Navigation Links
Obesity-Related Inflammation Boosts Heart Risks

Blood chemicals in overweight participants were key predictors of organ failure, study says

TUESDAY, May 6 (HealthDay News) -- Obesity causes prolonged inflammation of heart tissue that in turn boosts heart failure risk, according to a U.S. study of almost 7,000 people.

The latest findings from the Multiethnic Study of Atherosclerosis (MESA) are believed to provide the first large scale of evidence of such a link and give the estimated 72 million obese American adults another reason to change their lifestyle.

"The biological effects of obesity on the heart are profound. Even if obese people feel otherwise healthy, there are measurable and early chemical signs of damage to their heart, beyond the well-known implications for diabetes and high blood pressure," senior study investigator Dr. Joao Lima, a professor of medicine and radiology at the Johns Hopkins University School of Medicine and its Heart Institute, said in a prepared statement.

There is "now even more reason for (obese people) to lose weight, increase their physical activity and improve their eating habits," Lima said.

He and his colleagues tracked the development of heart failure in an ethnically diverse group of nearly 7,000 people, ages 45 to 84, who enrolled in the MESA study, starting in 2000. Of the 79 participants who've developed congestive heart failure so far, 35 (44 percent) were physically obese (body mass index of 30 or greater).

On average, obese participants were found to have higher blood levels of key immune system proteins involved in inflammation (interleukin 6, C-reactive protein, and fibrinogen) than non-obese participants. A near doubling of average interleukin 6 levels alone was associated with an 84 percent increased risk of heart failure.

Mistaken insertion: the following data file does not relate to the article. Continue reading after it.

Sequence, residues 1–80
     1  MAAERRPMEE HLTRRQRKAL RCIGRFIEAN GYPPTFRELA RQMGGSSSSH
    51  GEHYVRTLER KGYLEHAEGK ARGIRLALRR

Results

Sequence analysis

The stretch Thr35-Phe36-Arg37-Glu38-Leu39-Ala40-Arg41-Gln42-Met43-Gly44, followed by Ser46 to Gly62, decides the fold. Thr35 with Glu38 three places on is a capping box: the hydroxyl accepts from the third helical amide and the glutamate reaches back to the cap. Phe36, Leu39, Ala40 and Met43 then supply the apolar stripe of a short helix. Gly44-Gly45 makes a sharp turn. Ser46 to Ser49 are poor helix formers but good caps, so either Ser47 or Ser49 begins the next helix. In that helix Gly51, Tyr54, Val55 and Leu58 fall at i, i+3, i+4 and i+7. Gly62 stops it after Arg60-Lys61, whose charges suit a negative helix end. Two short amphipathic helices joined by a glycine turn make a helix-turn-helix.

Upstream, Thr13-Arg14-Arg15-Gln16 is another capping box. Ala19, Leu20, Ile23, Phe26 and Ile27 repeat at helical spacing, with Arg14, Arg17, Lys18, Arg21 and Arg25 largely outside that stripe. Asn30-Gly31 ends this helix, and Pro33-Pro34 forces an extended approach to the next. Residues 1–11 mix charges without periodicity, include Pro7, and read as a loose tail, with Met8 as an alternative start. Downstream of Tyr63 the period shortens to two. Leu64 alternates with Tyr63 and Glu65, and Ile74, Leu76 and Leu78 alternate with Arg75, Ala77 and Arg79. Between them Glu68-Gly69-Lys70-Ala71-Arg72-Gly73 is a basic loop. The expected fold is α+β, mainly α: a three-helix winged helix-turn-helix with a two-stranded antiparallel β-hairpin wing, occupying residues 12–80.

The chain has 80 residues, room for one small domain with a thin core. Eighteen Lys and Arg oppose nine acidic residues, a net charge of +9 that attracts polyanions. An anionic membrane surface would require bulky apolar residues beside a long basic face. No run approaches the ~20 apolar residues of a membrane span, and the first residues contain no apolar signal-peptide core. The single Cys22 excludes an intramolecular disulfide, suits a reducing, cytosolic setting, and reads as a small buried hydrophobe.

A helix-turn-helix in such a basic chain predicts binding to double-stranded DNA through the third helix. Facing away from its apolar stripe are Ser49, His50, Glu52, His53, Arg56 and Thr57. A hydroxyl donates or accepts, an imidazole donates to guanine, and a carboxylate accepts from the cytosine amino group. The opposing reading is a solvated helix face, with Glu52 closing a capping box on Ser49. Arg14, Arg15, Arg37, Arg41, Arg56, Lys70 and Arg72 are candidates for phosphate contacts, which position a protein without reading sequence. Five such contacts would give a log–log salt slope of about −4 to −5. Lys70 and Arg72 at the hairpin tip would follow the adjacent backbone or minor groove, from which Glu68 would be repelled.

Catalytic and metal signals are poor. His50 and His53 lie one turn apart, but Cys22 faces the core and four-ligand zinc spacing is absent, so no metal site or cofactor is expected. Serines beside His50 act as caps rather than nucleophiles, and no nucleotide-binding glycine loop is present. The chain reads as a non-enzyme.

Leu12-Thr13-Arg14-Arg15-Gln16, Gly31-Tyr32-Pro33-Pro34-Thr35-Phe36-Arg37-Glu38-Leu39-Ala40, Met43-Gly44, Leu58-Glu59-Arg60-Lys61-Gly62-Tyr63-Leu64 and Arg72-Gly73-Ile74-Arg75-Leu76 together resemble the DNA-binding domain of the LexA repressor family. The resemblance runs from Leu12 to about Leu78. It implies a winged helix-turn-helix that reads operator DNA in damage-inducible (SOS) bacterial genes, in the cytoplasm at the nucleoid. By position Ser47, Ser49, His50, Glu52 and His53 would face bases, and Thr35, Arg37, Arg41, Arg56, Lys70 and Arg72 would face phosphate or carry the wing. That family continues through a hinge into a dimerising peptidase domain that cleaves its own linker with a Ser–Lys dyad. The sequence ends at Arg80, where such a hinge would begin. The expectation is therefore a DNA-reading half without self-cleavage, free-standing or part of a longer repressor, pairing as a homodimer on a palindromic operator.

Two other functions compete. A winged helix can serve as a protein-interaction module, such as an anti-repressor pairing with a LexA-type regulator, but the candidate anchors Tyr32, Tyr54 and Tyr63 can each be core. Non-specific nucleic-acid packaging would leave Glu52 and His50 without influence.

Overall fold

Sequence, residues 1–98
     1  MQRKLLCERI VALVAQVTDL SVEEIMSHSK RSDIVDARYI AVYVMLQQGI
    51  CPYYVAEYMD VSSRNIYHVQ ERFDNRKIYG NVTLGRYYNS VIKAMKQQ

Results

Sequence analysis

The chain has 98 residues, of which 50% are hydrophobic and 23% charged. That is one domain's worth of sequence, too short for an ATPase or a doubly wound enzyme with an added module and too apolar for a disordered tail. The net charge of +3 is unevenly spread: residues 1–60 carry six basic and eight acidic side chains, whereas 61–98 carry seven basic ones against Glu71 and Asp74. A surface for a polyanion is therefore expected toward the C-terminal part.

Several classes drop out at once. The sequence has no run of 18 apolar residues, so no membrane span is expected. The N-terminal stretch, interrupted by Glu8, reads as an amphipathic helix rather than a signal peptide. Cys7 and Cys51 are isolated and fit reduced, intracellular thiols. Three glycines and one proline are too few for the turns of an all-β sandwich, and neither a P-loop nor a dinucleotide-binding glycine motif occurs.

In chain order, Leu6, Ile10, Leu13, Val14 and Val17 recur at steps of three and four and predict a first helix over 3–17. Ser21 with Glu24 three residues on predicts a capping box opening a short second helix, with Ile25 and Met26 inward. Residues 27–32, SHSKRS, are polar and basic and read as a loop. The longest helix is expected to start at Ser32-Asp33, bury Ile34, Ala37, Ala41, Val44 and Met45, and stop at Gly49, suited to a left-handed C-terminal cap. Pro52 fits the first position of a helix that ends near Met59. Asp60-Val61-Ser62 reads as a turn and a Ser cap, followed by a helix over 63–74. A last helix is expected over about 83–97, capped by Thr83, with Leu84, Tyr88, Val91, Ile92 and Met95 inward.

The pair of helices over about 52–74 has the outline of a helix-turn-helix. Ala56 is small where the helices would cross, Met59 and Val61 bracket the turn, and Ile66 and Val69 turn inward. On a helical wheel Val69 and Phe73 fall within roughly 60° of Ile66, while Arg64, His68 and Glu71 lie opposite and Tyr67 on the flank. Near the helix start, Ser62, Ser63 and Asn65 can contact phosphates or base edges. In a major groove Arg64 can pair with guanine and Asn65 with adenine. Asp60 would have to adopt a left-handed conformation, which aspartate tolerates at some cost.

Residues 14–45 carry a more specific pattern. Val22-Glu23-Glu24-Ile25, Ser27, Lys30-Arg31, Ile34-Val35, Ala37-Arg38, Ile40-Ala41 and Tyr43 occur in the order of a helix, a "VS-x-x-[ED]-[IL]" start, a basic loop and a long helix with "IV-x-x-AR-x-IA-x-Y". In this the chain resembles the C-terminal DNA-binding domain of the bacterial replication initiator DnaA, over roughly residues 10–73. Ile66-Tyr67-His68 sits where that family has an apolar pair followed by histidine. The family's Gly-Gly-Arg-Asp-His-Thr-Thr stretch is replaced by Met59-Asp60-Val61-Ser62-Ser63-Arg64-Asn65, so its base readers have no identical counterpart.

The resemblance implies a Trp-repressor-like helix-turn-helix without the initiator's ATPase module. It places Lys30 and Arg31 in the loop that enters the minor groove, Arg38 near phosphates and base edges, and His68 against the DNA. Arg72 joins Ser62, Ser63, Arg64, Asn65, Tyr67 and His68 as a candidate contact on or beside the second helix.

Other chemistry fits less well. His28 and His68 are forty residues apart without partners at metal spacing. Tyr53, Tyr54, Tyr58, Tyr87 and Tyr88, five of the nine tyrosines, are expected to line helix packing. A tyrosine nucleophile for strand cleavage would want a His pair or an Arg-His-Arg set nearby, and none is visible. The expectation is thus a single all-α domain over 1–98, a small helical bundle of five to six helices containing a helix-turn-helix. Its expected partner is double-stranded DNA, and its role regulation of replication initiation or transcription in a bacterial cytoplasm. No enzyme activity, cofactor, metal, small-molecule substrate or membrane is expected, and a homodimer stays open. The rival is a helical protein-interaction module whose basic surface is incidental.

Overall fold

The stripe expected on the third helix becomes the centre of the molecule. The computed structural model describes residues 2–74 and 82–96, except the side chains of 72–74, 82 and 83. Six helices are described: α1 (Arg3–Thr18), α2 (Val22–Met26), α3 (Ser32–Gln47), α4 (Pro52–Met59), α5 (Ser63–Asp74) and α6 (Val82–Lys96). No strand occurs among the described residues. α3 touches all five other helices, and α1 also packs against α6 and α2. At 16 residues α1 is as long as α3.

"Our results showed that when the effects of other known disease risk factors -- including race, age, sex, diabetes, high blood pressure, smoking, family history and blood cholesterol levels -- were statistically removed from the analysis, inflammatory chemicals in the blood of obese participants stood out as key predictors of who got heart failure," Lima said.

He added that doctors "need to monitor their obese patients for early signs of inflammation in the heart and to use this information in determining how aggressively to treat the condition."

Lima and colleagues also found a link between inflammation and metabolic syndrome, which doubles a person's chances of developing heart failure. Metabolic syndrome is a collection of risk factors -- obesity, high blood pressure, elevated blood glucose levels, excess abdominal fat, and abnormal cholesterol levels -- that increase the risk of heart disease and diabetes.

The study was published in the May 6 issue of the Journal of the American College of Cardiology. The MESA study was expected to continue tracking patients through 2012.

More information

The American Heart Association has more about heart failure.

-- Robert Preidt

SOURCE: Johns Hopkins Medicine, news release, May 1, 2008

Copyright©2008 ScoutNews,LLC.